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Class 7th Science
Class 7th Math
Online Class For 7th Standard Students (CBSE)
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What are Solids in Maths?


  • Dimension is a measurable length along a direction.
  • Dimensions are length, breadth (or width) or height (or depth).
  • A point is dimensionless.
  • Based on the number of dimensions a figure has, there are one-dimensional, two-dimensional and three-dimensional figures.

You Already Know These Shapes!!

1D and 2D figures

  • One-dimensional figures do not enclose any area and have only one direction.
    Example: A ray or a line segment.
  • Two-dimensional figures have an area associated with them.
    They have length and breadth or width.
    They are usually plane figures, like squares, rectangles and circles.

Solid Shapes

  • Solid shapes have length, breadth or width and depth or height.
  • They are called 3D or three-dimensional shapes.
  • Example: Cuboids, Cylinders, Spheres and Pyramids.

Visualising solid shapes

  • Solid shapes can be visualised in different ways.
  • Solid shapes can be formed by placing some solid shapes side by side to form a new solid shape.
  • Example: (i) A cylinder is formed by stacking up circles vertically.
    (ii) Cubes can be formed by placing cubes side by side.

Visualising solid objects by viewing the smallest unit

  • A solid can be visualised by breaking it down to the smallest unit.
  • For example, a cube of dimensions (3cm x 3cm x 3cm) can be made up of 27 small cubes of dimensions (1cm x 1cm x 1cm).

Viewing sections of a solid by slicing or cutting

  • If you cut or slice a solid we get to view the cross-section.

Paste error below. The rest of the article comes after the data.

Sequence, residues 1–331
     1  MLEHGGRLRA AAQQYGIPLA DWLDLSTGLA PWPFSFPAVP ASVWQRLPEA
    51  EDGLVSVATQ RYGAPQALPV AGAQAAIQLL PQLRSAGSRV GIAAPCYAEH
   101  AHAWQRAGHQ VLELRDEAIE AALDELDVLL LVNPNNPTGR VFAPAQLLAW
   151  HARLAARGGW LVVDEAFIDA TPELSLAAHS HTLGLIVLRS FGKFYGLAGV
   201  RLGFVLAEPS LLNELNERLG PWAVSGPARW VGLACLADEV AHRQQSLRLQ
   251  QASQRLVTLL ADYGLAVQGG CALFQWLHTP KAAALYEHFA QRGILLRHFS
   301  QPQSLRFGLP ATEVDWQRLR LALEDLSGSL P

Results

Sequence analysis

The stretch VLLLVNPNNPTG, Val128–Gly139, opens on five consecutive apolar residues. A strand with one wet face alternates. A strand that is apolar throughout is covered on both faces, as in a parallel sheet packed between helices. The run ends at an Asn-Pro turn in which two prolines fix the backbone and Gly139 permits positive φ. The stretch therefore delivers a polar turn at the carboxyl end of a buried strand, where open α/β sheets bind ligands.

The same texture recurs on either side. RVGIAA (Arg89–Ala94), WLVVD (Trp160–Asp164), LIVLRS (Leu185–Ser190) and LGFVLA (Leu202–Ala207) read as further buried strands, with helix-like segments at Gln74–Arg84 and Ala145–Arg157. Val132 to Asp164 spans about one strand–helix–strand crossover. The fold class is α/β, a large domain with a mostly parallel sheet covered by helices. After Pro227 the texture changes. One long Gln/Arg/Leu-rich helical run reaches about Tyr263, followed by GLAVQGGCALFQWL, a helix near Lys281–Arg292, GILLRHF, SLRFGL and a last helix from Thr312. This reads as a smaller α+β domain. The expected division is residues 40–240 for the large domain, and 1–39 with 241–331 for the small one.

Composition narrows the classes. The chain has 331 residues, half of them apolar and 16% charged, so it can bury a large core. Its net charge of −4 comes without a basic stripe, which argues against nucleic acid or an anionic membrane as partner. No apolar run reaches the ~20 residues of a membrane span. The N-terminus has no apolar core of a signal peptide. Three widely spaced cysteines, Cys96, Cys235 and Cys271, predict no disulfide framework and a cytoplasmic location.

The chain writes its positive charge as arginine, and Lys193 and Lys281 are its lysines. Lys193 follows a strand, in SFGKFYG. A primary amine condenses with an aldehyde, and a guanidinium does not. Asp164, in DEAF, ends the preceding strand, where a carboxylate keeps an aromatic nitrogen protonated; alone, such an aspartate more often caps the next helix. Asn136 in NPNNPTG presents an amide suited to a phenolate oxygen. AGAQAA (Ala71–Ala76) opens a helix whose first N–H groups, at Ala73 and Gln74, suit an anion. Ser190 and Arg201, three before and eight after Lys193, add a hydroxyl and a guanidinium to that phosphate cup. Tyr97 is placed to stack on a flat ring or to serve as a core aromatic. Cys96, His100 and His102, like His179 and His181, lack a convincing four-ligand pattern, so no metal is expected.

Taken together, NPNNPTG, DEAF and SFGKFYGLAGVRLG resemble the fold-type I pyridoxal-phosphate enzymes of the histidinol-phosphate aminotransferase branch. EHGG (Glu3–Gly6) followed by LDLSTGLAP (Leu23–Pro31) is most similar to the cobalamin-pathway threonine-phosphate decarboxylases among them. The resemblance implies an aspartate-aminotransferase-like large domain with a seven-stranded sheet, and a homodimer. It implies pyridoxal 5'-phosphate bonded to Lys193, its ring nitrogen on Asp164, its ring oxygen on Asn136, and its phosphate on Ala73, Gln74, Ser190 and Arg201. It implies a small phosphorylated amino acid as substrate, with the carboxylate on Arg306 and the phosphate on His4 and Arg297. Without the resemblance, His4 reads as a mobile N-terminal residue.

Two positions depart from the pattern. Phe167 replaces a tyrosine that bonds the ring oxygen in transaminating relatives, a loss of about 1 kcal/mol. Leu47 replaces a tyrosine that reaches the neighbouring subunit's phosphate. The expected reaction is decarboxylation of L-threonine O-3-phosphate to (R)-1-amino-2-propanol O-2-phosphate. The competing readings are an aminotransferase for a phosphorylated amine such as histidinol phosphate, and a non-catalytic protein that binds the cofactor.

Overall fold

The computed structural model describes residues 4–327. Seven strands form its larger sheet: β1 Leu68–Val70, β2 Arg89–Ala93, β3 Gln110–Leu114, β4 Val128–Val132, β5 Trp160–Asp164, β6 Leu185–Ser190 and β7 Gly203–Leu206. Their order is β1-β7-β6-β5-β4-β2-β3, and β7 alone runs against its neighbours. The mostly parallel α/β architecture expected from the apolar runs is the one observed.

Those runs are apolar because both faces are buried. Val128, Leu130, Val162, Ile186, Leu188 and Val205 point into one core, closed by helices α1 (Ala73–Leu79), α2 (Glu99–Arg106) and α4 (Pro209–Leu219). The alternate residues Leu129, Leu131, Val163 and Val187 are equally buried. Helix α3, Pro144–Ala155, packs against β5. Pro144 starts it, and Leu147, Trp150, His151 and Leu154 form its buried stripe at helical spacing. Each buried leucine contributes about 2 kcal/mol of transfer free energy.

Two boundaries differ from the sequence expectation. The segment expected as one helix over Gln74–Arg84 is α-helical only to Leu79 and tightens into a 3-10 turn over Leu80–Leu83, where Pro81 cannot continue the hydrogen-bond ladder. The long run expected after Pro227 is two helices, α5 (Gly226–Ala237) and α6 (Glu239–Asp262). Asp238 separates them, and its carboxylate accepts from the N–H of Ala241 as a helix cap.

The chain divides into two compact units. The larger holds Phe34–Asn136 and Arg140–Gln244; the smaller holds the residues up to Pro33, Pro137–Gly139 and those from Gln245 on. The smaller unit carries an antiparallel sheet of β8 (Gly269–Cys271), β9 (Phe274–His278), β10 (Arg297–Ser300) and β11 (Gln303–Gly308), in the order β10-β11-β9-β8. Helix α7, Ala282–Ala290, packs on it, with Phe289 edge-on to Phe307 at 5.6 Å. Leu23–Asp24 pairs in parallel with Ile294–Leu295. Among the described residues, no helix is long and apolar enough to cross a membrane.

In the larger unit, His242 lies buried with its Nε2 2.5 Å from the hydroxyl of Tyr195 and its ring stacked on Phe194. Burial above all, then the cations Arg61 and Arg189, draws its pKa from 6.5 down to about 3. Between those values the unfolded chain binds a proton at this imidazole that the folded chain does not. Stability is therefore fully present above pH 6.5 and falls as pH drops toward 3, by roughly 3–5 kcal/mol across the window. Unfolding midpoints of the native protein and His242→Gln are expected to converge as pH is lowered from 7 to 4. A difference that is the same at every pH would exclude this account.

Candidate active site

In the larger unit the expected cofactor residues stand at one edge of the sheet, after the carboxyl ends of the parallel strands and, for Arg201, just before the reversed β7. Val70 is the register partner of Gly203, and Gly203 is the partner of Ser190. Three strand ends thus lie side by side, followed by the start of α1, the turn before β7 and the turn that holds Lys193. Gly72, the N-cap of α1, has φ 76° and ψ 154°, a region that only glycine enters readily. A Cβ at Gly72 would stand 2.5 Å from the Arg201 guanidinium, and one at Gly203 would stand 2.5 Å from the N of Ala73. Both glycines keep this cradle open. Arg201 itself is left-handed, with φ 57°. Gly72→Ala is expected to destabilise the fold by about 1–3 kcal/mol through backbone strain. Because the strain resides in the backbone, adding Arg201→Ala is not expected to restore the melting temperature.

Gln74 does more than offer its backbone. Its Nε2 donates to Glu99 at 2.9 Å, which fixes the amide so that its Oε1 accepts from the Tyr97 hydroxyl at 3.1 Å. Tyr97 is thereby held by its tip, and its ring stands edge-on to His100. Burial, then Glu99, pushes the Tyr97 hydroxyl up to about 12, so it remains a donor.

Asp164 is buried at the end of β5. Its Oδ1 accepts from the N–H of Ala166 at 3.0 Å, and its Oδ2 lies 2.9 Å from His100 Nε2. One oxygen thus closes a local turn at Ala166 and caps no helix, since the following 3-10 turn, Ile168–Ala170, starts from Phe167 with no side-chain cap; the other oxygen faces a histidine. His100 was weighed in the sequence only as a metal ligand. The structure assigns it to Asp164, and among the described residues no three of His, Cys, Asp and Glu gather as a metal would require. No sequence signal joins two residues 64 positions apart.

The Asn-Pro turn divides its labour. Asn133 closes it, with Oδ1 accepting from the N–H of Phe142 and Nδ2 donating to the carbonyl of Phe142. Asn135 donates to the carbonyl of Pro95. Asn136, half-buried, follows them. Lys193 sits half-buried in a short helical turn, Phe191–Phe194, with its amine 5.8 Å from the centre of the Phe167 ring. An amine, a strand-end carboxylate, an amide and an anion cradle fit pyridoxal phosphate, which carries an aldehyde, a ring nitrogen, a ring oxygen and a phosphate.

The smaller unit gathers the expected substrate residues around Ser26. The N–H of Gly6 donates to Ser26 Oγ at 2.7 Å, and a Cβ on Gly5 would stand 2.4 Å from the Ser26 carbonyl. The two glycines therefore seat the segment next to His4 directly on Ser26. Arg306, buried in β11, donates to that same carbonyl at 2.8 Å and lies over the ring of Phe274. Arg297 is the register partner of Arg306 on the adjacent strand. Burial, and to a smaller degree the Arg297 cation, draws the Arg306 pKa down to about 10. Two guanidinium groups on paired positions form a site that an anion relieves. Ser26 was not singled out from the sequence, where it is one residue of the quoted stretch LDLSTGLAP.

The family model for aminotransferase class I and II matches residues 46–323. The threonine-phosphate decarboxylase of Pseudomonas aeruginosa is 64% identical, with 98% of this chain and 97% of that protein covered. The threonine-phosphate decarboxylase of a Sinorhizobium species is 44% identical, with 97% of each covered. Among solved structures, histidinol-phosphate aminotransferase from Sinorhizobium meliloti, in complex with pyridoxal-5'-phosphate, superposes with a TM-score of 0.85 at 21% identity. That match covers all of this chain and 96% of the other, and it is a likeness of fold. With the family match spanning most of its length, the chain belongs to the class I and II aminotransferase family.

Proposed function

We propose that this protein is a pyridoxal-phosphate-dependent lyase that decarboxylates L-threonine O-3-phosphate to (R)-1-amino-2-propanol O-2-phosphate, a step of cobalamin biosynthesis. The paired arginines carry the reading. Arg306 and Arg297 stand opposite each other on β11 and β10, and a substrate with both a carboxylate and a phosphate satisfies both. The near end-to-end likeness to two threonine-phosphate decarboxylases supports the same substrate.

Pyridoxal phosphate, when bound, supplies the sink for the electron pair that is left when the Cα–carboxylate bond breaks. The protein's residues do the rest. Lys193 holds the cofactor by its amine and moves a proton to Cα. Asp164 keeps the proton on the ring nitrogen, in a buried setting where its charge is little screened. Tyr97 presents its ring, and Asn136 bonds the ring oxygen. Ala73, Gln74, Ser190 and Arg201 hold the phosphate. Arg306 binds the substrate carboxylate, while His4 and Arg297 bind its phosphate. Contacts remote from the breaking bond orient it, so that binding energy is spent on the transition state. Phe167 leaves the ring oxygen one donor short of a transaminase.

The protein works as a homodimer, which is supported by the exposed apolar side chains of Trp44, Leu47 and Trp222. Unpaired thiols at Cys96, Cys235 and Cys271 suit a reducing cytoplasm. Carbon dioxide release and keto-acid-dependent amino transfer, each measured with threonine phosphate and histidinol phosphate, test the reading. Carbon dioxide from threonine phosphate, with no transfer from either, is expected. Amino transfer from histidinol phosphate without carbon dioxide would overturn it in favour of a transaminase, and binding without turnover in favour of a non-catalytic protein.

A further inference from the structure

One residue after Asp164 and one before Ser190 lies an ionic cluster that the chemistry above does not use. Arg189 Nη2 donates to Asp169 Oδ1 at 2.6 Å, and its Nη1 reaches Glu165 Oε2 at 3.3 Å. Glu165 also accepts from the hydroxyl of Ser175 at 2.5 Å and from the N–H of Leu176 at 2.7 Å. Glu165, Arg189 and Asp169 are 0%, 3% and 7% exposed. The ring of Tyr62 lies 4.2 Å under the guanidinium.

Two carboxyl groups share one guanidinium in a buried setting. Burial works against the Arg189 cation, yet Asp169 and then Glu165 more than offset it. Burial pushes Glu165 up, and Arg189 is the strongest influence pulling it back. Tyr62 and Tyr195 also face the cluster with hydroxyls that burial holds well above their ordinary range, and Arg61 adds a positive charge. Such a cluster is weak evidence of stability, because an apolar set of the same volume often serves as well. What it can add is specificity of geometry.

Example: If a loaf of bread is cut vertically, then the crosssection is almost a square. But if it is cut or sliced horizontally, the cross-section is a rectangle.
  • Similarly, other solid shapes can be sliced in order to find their 2D cross-sectional shapes.
    Example: A cucumber cut vertically gives a circle.

Viewing sections of a solid by using shadows

  • Shadows can be used to view 3D objects as 2D shapes.
  • Example: The shadows of a cylinder are shown below.

Different views of a Solid

  • A solid can be visualised by looking at it from different angles, namely: (i) Front view (ii) Top view (iii) Side view.
  • Example: The different views of a figure are shown below.

Quantities Associated with a Solid

Faces, edges and vertices

  • The corners of a solid shape are called its vertices.
  • The line segment joining two vertices is called an edge, or when two planes of a solid meet it forms an edge.
  • The surfaces of a solid shape are called as its face.

The table below shows the number of faces, edges and vertices some solid shapes have.

Nets of Solid Shapes

Building 3-D objects

A net is a flattened out skeletal outline or a blueprint of a solid which can be folded along the edges to create solid.The same solid can have multiple nets.

Example: A net for a cube box.

Representing 3D Shapes on a Paper

Drawing solids on a flat surface

  • Solid shapes can be represented on a 2D flat surface like paper.
  • This is done by drawing oblique sketches, to make it appear 3D. This is called as 2D representation of a 3D solid.

Obliques sketches

  • Oblique sketches do not have the exact length of a solid shape but appears exactly like the solid shape.
  • Example: Drawing an oblique sketch of a cube:
    Step 1: Draw the front and the opposite faces.
    Step 2: Join the corresponding corners. (Figure 1)
    Step 3: Redraw using dotted lines for hidden edges. (Figure 2)

This gives the oblique sketch of the cube.

Isometric sketches

  • Isometric sketches have measurements equal to that of the solid.
  • They are usually drawn on an isometric dotted paper.
  • Example: Drawing an isometric sketch of a cuboid of dimensions 4 × 3 × 3:

           Step 1: Draw a rectangle to show the front face of the cuboid.

           Step 2: Draw four parallel line segments of length three starting from the four corners of the rectangle.

           Step 3: Connect the corresponding corners using appropriate line segments.

            Step 4: The figure thus obtained is the isometric sketch of the cuboid.

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